I was pretty excited when I got a letter in the mail the other day. I could see by the window in the envelope that it contained a check! Since I wasn’t expecting a check, and I didn’t know who it was from, my curiosity added to my excitement.

I hurriedly opened this surprise and found a check for — 1 cent. One penny. Now I’ve never seen a check for 1 cent before, and I looked at it closer to see if it was a joke or something.

It was from the Medicare Secondary Payment Recovery Contractor. It was in reference to a Medicaid demand overpayment to some beneficiary.

Huh? I still had no idea what the heck it could be about, but I also practiced the old motto of “never look a gift horse in the mouth.” I didn’t know whether to cash it or frame it as a conversation piece.

One thing it did, though, was to give me a whole new respect for the lowly penny. Seeing it in the form of a genuine bank check made me realize it did have real value. Maybe I could start a portfolio of so called “penny stocks.” Who knows where this might end?

I realized its value even more when I really figured how much it probably cost to issue the 1 cent check. First of all, the postage to send it was 46 cents. The check itself was printed on “chemically reactive paper that includes a tamper evident chemical wash warning box.” Again, huh?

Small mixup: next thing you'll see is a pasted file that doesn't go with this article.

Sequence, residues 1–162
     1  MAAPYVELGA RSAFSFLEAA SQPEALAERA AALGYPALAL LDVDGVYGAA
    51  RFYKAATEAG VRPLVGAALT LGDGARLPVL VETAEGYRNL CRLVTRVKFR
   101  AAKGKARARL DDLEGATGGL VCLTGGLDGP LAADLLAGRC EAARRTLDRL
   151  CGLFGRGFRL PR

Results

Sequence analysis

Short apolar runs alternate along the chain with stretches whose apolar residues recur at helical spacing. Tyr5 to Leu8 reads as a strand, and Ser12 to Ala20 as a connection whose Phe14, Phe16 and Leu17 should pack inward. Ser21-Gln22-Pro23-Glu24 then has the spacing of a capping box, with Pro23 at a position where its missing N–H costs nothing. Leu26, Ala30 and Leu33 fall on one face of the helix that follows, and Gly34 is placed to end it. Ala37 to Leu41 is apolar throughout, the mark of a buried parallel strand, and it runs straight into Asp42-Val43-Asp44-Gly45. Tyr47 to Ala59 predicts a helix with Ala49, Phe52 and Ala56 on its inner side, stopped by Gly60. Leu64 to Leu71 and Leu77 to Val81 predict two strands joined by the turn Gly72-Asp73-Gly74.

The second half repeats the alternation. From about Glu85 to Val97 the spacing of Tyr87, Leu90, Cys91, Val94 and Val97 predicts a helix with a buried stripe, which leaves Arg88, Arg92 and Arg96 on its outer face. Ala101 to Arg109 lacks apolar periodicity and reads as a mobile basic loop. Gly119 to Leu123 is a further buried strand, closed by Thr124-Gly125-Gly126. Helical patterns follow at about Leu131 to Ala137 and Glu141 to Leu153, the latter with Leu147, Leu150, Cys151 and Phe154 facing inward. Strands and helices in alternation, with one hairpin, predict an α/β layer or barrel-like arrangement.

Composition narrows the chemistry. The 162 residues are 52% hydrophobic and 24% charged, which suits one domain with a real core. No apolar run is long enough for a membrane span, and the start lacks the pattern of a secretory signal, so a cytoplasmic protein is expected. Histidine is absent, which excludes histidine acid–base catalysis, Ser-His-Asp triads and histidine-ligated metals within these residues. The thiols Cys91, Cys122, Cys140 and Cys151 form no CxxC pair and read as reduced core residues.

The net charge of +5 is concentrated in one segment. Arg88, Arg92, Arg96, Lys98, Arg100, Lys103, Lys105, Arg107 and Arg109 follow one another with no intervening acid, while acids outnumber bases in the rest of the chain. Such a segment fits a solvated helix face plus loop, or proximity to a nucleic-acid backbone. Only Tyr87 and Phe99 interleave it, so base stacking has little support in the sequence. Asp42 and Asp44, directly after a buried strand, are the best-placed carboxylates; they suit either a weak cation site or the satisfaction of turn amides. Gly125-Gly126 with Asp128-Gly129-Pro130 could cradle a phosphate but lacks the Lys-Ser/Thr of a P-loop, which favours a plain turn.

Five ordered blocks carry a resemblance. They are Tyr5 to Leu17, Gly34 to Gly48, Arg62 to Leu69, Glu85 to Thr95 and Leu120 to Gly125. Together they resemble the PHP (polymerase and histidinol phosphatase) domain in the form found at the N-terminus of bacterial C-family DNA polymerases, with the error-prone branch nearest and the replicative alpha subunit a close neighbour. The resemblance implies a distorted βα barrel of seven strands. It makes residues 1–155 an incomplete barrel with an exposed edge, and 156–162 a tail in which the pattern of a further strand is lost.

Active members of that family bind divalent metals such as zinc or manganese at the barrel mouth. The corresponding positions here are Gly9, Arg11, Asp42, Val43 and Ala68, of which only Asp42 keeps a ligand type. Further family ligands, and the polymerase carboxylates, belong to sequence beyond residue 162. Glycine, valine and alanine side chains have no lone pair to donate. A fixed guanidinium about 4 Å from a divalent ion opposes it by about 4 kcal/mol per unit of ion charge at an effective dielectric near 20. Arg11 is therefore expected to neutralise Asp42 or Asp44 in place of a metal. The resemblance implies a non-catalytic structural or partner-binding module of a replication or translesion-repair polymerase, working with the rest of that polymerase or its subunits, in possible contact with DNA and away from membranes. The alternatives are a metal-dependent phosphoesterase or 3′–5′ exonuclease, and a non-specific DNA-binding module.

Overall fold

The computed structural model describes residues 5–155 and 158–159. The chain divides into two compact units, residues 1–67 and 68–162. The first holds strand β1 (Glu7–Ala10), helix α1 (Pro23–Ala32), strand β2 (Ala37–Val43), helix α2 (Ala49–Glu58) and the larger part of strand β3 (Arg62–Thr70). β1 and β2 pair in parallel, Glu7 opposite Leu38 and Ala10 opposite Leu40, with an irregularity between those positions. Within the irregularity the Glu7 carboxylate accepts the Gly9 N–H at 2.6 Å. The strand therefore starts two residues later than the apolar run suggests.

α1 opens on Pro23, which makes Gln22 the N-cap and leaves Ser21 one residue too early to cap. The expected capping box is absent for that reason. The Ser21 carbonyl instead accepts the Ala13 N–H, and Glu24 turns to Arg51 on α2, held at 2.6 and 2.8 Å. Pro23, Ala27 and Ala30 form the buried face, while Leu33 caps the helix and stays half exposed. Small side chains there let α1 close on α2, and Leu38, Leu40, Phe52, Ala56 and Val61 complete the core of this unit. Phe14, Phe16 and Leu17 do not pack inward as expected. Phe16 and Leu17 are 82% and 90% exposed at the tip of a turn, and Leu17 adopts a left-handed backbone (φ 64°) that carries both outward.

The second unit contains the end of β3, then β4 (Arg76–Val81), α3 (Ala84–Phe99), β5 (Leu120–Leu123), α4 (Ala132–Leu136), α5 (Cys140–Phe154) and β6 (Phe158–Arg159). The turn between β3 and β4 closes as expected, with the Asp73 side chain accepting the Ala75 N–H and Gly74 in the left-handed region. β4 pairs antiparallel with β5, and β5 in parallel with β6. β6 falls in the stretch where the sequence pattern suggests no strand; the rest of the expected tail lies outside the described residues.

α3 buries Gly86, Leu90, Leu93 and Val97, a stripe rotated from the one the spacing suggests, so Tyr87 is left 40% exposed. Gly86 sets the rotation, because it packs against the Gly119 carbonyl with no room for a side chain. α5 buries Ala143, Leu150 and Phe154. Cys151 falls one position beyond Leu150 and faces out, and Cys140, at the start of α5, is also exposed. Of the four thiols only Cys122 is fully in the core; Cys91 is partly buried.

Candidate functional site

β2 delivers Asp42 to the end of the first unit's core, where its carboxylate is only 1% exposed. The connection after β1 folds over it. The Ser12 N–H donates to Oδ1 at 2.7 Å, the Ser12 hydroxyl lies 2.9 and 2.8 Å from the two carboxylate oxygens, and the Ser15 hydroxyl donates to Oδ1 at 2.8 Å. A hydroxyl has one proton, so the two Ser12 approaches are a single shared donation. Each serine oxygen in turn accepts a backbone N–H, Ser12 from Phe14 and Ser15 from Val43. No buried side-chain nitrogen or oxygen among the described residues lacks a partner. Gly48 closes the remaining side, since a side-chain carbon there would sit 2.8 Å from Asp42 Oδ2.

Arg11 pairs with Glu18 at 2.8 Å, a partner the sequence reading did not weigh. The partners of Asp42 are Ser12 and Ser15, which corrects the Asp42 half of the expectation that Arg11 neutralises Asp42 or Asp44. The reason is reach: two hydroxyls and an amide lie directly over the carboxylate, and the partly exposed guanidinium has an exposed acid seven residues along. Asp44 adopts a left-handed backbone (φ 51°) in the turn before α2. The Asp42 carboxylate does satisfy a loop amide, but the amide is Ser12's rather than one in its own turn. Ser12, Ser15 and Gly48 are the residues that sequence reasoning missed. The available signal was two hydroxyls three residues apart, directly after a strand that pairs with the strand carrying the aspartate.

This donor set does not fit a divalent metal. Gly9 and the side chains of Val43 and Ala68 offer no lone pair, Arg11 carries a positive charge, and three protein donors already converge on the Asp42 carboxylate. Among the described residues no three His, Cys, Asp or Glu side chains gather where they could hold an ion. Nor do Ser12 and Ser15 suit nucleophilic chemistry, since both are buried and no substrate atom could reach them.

Comparing that to what my simple, plain and cheap mail-order checks cost me, this high-tech check must have cost at least 25 cents. Then there’s the cost of the envelope (maybe 2 cents), the time of the staff to put it all together, the actual printing of the check and the computer system it takes to monitor it all and so on and so on … Let’s just say a total of 50 cents more. So far this check could have cost as much as $1.25. All for 1 cent!

All this makes me look with a little more respect at that small cottage cheese cup full of pennies I have stashed in my sock drawer. To paraphrase an old saying ...

A penny saved is $1.25 earned.

Joe Bushue is a travel agent and lifelong Gresham resident who has been tolerating multiple sclerosis for 30-plus years. His column recounts some of the humorous sides of his disability and his slants on life in general. Reach him by email at This email address is being protected from spambots. You need JavaScript enabled to view it..

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